Air Tractor on Nov. 2 hosted aerospace industry representatives, elected dignitaries, Air Tractor dealers and members of the media at its agricultural aircraft manufacturing facilities in Olney, Texas, to see operation of the first electrocoat primer system for full-scale original-equipment aircraft parts manufacturing. Celebrating the groundbreaking event with Air Tractor officials were executives of aerospace coatings manufacturer PPG, which developed the pioneering e- coat aerospace primer system.
“E-coat is not a new metal primer application technology for corrosion resistance and paint adhesion, but it is new to aerospace," Air Tractor President Jim Hirsch said. "E-coat has been used in the automotive industry for 50 years. Until PPG AEROCRONTM e-coat primer was developed—the same company that introduced e- coat commercially for automotive OEM production—the technology had not been adopted by aerospace OEMs. The relatively high cure temperatures used in the automotive world can damage the structural and metallurgical properties of aluminum used in the aerospace industry. With PPG Aerocron e-coat primer, the cure temperature can be lowered to 200 degrees Fahrenheit [93.33 degrees Celsius], which makes e-coat a viable option for us.”
“We have opened a new chapter in aviation manufacturing, and we look forward to the industry benefitting from the protection that e-coat technologies have provided in other industries for more than 50 years," said Michael McGarry, PPG chairman and CEO.
Added Barry Gillespie, PPG vice president, aerospace products: “We were able to walk down this uncharted path together and open a new chapter in aviation manufacturing history."
Gillespie recalled Air Tractor’s introduction to PPG Aerocron e-coat primer. “When PPG held its first aerospace e-coat primer symposium in June 2011 at our Oak Creek, Wisc., coatings facility, Rick Turner, Air Tractor’s vice president of operations, was intrigued but skeptical. He could not conceive how large aircraft parts could be negotiated through an automated dip-and-bake system. But the PPG Aerocron primer team found the answer. The team members, Rick and his Air Tractor team worked diligently over the next six years to make this vision a reality.”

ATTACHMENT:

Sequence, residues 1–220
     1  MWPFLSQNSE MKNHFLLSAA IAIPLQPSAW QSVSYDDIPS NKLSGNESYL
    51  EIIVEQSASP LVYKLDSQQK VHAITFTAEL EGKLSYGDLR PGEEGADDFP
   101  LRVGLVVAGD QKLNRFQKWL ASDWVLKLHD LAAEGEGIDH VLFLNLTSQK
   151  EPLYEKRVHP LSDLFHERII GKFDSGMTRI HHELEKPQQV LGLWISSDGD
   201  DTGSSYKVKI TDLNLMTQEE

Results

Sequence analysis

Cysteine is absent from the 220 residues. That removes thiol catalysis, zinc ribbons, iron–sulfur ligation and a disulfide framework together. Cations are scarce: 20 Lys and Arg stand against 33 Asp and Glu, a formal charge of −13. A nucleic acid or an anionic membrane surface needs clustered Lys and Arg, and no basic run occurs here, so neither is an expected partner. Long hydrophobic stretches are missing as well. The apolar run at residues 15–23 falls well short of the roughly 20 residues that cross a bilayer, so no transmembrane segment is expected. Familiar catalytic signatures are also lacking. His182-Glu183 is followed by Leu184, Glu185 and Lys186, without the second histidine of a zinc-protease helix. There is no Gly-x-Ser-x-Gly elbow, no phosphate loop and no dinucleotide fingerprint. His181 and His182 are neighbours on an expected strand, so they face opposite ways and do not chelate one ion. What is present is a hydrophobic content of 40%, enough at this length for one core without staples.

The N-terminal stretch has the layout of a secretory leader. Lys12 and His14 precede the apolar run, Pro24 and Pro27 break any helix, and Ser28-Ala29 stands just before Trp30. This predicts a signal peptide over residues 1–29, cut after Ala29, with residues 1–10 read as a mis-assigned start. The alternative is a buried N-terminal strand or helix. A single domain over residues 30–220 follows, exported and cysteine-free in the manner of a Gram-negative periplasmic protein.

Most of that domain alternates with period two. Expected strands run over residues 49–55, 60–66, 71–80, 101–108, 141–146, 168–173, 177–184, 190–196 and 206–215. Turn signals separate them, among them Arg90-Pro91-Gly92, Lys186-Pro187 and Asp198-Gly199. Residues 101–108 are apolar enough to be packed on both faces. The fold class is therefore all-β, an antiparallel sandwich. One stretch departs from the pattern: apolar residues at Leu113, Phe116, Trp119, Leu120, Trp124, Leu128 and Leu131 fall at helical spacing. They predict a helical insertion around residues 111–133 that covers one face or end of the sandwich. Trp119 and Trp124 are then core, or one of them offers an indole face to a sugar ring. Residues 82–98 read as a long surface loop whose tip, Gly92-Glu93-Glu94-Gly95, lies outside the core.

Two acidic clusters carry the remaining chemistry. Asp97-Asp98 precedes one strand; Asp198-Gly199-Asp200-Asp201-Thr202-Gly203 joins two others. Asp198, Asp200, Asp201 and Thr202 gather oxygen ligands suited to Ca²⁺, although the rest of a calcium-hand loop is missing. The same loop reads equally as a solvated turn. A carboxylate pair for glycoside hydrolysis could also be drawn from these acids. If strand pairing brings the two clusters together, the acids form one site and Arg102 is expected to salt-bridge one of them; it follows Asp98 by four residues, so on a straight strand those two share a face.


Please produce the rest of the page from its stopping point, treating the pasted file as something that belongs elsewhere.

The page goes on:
Air Tractor’s Turner supervised the design, planning and construction of the new electrocoat facility. The three-story, 6,600-square-foot (613.16-square-meter), building encloses the electrocoat system and includes an automated parts rack hoist, ten 5,000- gallon (18,927-liter) immersion tanks, cure ovens, and a reverse osmosis water treatment system.
The new electrocoat facility began producing test parts in April 2017. Three months later Air Tractor completed testing and began introducing e-coat parts into its assembly line, Turner reported.
“The e-coat system is currently operating at 50 percent of its full production capacity. There is plenty of capacity to increase output as needed. We are e-coating various parts of the aircraft including wings, control surfaces, and skins, as well as subassemblies,” Turner said. “It’s a completely automated process.”
The power supply and filtration for the entire electrocoat line is managed at a single control station. An automated racking system moves parts through the electrocoat bath process. When the 12-stage process is complete, the racking system loads racks of parts into ovens where the e-coat is cured. When parts leave the oven, they are ready to be moved into aircraft production or to inventory.
The quality and coverage of the electrocoated parts’ finish is clearly superior to the chromated pre-treatment and spray primer process, Turner said. “E-coat provides uniform coating throughout the part, even in holes, slots and inside tubes," he added.
Instead of primer being sprayed onto the part, which is the traditional method, the part is dipped into an electrically charged tank of primer. Based on the principle that opposites attract, electrocoating maximizes paint adhesion and provides a superior edge and surface finish with precise and consistent film thickness.
“There is no over-spray, meaning that 90 to 95 percent of the coating adheres directly to the part," Turner said.
“At this stage of implementation, we are seeing a significant increase in process efficiency. We are also tracking reduced material costs and improved safety and environmental impact.
“The e-coat process provides a better, longer-lasting product to Air Tractor owners,” he continued. “Given the chemicals that agricultural pilots work with, we believe there will be fewer panels to replace, re-coat or repaint, meaning less maintenance costs in the long run for the life of the airplane. What’s more, electrocoated parts can be easily repainted in the field with commonly used aircraft paints and spray systems.”
Pictured: 5,000 gallon immersion bath tanks/Courtesy: PPG